Mistaken Identity: Two Families, One Survivor, Unwavering Hope
In April 2006, a horrific highway accident took the lives of four Taylor University students and a staff member, leaving another student presumed to be Laura Van Ryn comatose and in critical condition. Five weeks later, the family keeping vigil with Laura came to a startling realization --- the daughter they had watched gradually recover from her injuries was not their own. In MISTAKEN IDENTITY, the two families of the misidentified girls tell their heart-wrenching story and talk about how they kept their faith through tragic circumstances.
It’s a poignant narrative. The book opens five weeks after the Cerak family has held a funeral for 18-year-old Whitney when her mother receives a call in the middle of the night telling her that Whitney is alive. The chapters that follow return to the day of the crash, the responses of the friends and families, and the subsequent discovery of the mistake in identification. The narration alternates from the vantage point of the Van Ryn and Cerak families, each describing the events as they unfold.
The actual story itself is relatively short, but padded with various devices to make the narrative longer. Journal entries, recreated conversations, excerpts from a blog kept by the Van Ryn family (and later added to by the Ceraks), favorite Bible verses, and a photo section of the girls, their families and scenes from the Taylor University campus and accident site amplify the text and personalize the tragedy.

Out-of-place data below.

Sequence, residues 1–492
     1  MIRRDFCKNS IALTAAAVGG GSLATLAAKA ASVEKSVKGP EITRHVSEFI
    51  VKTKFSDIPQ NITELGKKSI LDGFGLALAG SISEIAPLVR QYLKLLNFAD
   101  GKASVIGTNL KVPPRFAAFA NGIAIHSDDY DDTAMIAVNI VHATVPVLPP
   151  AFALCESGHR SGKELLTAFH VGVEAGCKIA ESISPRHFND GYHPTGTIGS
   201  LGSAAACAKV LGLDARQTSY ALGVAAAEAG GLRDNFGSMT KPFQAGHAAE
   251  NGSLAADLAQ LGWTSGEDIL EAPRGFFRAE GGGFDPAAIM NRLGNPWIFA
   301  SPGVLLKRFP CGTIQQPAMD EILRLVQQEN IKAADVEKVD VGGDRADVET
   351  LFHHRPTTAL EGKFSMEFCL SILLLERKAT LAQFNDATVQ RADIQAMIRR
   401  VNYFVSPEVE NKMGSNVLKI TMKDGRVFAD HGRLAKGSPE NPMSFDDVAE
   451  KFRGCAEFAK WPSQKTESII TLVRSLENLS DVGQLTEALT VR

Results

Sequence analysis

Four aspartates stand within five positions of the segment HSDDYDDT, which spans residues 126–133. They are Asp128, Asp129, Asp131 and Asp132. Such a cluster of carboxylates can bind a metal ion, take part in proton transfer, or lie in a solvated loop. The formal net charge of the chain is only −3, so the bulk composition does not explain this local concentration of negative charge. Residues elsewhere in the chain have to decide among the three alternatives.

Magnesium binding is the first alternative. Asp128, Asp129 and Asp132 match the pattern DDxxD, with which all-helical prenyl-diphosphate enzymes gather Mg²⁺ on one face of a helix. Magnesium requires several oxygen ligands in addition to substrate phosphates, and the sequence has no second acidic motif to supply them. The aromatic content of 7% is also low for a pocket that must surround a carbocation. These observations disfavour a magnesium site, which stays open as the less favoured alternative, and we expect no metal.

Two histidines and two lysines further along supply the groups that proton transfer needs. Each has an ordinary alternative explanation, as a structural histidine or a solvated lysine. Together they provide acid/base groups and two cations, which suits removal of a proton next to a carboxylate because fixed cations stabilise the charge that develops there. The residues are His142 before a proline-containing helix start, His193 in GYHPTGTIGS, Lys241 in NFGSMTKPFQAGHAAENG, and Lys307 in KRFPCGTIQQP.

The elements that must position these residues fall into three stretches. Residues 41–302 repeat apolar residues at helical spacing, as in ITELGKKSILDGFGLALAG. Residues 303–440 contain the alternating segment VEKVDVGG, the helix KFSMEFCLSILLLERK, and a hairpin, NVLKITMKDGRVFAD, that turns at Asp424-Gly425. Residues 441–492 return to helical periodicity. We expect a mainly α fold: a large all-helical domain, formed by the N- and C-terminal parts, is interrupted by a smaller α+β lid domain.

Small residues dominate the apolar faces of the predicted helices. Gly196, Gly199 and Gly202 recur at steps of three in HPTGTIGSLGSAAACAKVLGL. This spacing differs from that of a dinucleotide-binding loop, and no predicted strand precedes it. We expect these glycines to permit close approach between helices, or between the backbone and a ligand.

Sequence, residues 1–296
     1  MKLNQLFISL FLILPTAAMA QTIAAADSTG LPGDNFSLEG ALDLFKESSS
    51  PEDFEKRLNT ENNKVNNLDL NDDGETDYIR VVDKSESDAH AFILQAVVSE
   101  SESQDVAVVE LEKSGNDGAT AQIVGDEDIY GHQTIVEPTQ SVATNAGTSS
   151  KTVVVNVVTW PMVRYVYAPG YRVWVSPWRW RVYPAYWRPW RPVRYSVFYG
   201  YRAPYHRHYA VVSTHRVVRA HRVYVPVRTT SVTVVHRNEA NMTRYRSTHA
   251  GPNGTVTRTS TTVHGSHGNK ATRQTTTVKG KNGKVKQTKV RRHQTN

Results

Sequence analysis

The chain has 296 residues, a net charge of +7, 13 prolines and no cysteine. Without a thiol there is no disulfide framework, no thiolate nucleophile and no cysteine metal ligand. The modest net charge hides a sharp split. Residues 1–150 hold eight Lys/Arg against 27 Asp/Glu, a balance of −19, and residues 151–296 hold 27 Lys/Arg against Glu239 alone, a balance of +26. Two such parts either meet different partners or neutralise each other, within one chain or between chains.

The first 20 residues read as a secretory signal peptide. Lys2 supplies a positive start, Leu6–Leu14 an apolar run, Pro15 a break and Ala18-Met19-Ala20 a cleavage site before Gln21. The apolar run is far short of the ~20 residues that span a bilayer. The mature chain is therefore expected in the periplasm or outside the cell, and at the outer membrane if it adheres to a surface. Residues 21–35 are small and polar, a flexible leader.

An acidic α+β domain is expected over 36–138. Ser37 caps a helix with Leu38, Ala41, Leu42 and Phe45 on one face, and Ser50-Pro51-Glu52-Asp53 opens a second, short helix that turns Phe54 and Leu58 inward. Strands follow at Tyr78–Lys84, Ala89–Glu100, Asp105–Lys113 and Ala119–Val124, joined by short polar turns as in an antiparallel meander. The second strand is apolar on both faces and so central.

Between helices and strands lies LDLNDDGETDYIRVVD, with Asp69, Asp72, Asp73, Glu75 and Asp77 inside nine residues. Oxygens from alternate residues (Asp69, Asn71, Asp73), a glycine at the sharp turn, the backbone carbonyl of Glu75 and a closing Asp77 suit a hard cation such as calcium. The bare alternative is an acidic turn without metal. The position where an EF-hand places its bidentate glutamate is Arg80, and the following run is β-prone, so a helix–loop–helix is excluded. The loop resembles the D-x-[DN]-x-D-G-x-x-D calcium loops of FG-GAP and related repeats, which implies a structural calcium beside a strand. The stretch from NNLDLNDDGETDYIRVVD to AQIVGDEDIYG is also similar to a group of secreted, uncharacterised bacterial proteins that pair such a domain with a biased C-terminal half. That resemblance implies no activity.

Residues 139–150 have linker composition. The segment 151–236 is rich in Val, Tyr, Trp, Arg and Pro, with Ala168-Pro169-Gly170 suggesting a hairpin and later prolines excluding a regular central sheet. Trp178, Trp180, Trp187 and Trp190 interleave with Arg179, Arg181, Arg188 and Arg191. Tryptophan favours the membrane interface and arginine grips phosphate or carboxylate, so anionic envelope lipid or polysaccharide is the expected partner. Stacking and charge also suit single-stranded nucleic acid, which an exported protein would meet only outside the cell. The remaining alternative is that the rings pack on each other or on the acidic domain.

The family’s Christian faith intentionally comes through loud and clear, as does their desire that the faith that sustained them through the accident --- and later, the shocking realization of the mix-up --- be an inspiration and comfort to others who read their story.
The prologue, written by both families, notes that: “It is a horrible thing to lose a child. Yet even in the midst of the worst of tragedies, God reveals Himself. These are not just words we use to keep our spirits up during difficult days. We have experienced this revelation for ourselves. Above all things, this is the message we hope to convey. This is a story about God’s grace and His love for us that transcends the worst this world can dish out.”
One of the most moving sections of the book comes toward the closing pages, when Whitney shares her difficulty returning to Taylor University after her initial rehabilitation. There, she is the subject of fascinated attention, while at the same time struggling with a brain injury that has left her with a different personality and temporary limited academic ability.
Writes Whitney: “I used to be a lot more outgoing and I joked about everything, but my brain injury affected my personality. Now I keep a lot more to myself. Before the accident, I could whip out jokes and make quick, funny comments in any situation…. Coming to grips with being a different person was probably the hardest thing I struggled with. I knew my cognitive abilities would improve, and they have…. My personality, however, is still different than it was before the accident, and it’s not going to go back. I know people wondered what had happened to the old Whitney, and I wondered that myself.”
What helps her, Whitney says, is a comment her sister Carly made. When Whitney told her she “missed the old Whitney,” Carly answered, “Yeah, I miss the old Whitney too. But I love the new Whitney.” In this, more than any other place in the book, we get a glimpse of the authentic grieving for what is now gone, but the hope for what can come out of the accident.
If there is anything missing in the narrative, it is an acknowledgment of the authentic place of anger and frustration in these terrible circumstances; these emotions are largely absent in the book. Nonetheless, readers who like a faith-packed, inspirational story based on real-life events should find MISTAKEN IDENTITY a soul-stirring read.
Reviewed by Cindy Crosby on March 25, 2008